Greece enacted billions of euros in spending cuts and fresh austerity measures last night in a volatile parliamentary vote aimed at avoiding default on its national debt and keeping the eurozone intact, despite some of the worst rioting and political violence witnessed in the country in years.
More than 40 buildings were set ablaze in an orgy of looting that left scores injured as protesters vented their anger at the caretaker government and parliament's ordering of a further €3.3bn of savings by slashing wages and pensions and laying off public sector workers.
In return, Greece is to receive a second eurozone bailout in two years worth €130bn in addition to a €100bn writedown of debt by the bankrupt country's private creditors.
There was turmoil inside the parliament, too. MPs voted 199-74 in favour of the cutbacks, despite strong dissent among the two main coalition members.
A total of 37 politicians from the majority Socialists and conservative New Democracy party either voted against the party line or abstained. A further six voted against sections of the legislation. After the vote, the government announced that those 43 ministers had been expelled.
But the scenes of mayhem on the streets of Athens and all across the country leave big questions unresolved regarding Greece's capacity to stick with the savage austerity. The country is in its fifth year of recession and has little prospect of halting a steep decline in living standards.
With eurozone leaders declaring it was time for Greece to put up or shut up and that Athens' promises could no longer be believed, Greece's two main parties and the caretaker prime minister invoked apocalyptic scenarios for the country if the cuts were not supported.
Meanwhile street battles between police firing rounds of teargas and demonstrators hurling firebombs and marble slabs left Syntagma square, the plaza in front of the parliament building, resembling a war zone.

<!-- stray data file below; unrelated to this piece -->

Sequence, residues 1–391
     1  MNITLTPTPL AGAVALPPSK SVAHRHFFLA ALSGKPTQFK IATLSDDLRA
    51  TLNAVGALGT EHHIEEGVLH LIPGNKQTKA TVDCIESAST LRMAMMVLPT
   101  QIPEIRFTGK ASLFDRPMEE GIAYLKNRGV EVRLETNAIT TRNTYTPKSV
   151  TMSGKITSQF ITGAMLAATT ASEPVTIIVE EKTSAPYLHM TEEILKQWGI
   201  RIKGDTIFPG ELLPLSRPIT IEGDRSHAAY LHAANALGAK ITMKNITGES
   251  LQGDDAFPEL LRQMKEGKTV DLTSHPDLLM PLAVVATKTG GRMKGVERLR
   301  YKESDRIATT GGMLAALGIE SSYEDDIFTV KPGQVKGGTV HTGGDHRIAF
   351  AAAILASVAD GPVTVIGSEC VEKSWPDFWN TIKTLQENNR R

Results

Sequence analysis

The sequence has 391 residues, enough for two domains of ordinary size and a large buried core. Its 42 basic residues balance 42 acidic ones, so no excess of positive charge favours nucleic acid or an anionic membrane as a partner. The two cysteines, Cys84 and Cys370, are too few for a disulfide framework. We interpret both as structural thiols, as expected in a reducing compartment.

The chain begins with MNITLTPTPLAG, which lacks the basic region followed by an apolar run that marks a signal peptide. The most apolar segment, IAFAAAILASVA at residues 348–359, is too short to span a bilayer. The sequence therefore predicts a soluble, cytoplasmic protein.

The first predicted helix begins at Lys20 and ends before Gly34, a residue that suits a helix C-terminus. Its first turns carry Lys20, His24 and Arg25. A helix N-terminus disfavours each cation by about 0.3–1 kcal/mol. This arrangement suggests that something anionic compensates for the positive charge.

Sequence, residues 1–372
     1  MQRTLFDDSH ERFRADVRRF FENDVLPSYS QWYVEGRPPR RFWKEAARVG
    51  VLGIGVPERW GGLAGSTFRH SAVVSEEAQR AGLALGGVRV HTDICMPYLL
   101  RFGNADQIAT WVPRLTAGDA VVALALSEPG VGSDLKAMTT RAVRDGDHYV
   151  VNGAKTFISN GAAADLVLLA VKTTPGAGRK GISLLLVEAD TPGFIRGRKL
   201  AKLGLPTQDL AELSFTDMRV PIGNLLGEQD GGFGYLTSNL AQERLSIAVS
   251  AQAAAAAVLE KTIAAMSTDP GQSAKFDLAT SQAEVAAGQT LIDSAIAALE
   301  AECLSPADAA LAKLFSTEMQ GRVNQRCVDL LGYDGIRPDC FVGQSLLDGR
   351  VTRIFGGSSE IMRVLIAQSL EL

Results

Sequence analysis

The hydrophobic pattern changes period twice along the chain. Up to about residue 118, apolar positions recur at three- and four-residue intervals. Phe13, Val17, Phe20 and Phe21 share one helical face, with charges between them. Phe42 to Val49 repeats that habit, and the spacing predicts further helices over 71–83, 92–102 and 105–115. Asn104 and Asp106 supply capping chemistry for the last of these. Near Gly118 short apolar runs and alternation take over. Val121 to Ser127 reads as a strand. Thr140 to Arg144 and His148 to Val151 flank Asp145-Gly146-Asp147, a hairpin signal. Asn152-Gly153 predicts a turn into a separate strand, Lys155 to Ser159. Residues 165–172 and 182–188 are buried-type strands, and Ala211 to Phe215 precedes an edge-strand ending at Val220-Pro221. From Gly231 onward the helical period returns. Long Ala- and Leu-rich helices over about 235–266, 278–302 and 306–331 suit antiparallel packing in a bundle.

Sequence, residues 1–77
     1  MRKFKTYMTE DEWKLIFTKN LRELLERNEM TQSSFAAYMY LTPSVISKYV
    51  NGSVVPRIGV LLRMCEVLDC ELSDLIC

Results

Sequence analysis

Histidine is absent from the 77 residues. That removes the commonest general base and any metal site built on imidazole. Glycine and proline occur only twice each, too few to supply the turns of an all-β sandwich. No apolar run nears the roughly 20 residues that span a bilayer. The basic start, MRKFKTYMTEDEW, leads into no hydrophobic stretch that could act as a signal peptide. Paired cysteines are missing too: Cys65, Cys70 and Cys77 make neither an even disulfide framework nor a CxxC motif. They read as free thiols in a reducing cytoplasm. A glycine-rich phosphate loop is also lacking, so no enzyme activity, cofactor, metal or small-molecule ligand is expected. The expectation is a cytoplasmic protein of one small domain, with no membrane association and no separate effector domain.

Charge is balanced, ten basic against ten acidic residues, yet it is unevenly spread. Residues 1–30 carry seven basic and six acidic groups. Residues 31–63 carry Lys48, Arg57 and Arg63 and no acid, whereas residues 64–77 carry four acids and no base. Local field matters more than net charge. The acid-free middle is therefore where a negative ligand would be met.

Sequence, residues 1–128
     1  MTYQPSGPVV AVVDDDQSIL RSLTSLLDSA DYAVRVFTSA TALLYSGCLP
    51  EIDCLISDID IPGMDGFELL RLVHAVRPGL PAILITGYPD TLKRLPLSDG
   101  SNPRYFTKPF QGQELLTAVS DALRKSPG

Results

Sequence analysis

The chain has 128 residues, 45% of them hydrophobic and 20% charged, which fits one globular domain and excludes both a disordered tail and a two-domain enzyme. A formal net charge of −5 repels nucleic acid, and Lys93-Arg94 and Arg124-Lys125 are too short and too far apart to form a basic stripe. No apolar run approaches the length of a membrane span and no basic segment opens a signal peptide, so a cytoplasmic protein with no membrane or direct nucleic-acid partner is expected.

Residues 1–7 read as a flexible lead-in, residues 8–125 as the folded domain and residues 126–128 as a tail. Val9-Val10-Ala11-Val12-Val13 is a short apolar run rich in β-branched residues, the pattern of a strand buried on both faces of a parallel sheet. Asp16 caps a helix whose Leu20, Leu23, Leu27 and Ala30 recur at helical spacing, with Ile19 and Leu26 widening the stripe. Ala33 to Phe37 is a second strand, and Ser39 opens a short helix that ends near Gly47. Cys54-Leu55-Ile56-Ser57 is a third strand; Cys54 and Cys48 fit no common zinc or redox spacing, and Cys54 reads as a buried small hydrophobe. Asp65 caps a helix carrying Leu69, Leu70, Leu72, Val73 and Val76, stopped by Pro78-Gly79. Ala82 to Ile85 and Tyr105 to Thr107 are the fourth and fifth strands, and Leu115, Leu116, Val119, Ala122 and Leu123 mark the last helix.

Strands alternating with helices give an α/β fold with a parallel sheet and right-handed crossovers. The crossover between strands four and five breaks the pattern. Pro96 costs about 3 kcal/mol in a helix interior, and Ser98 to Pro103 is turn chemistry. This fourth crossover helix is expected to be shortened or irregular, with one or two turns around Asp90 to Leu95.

Rubbish bins burned and plumes of smoke and asphyxiating clouds of toxic chemicals filled the air.
The explosions were so loud, they could be heard inside parliament and the teargas drifting across square reached the debating chamber. The buildings that were set on fire included cinemas, banks and a number of shops, and Greek television reported that dozens of citizens and at least 40 police officers had been injured.
Under a sea of banners denouncing further wage, pension and job cuts, tens of thousands of protesters chanted against "the occupation" of the country by foreign lenders keeping Greece afloat.
"The rebellion has begun," the veteran leftwinger Manolis Glezos told TV reporters. "These measures will never pass. They are a breach of our democracy," he said, holding a mask to his face against the fumes.
The prime minister, Lukas Papademos, warned before the vote that wages and pensions would go unpaid, hospitals and schools would be devoid of funding, banks would collapse and people's savings would be lost if the 300 MPs rejected the terms set for receipt of a €130bn bailout.
Without the bailout – the second in two years – Greece would have been insolvent and would be forced to default on its debt next month when it needs to redeem €14.5bn of loans.
The punishment for those who failed to back the bill was swift and decisive. The conservative New Democracy party said it had expelled 21 out of its total 83 deputies. The Socialist PASOK party expelled about 20 of its 153 MPs.
But the finance minister, Evangelos Venizelos, had warned: "If the law is not passed, the country will go bankrupt."
George Papandreou, the former socialist prime minister felled by the crisis last year, declared that Greece was embroiled in war it had to win. Antonis Samaras, the centre-right leader tipped to be prime minister after elections expected in April, also rallied his MPs behind the deal despite having resisted key details for weeks.
With trust between Athens and its eurozone creditors, led by Germany, at an all-time low, the Greek government was told the time for pledges had run out. "Greece's promises are no longer enough for us," said Wolfgang Schäuble, Germany's finance minister, who also spoke of the possibility of Greece leaving the euro.
Following a day of high drama inside and outside parliament in Athens, the Greek coalition leaders now have to deliver some signed undertakings to Brussels that the measures decided last night are irreversible and will be implemented no matter who wins an election that is expected in April.
Eurozone finance ministers are then to agree to the bailout on Wednesday provided Greece meets its end of the bargain. Berlin is insisting most of the money is held in a separate account and is used purely to service Greece's debt. EU ministerial sources said that account could hold up to 70% of the bailout funds. By guaranteeing Greece's creditors are repaid, there would be no default.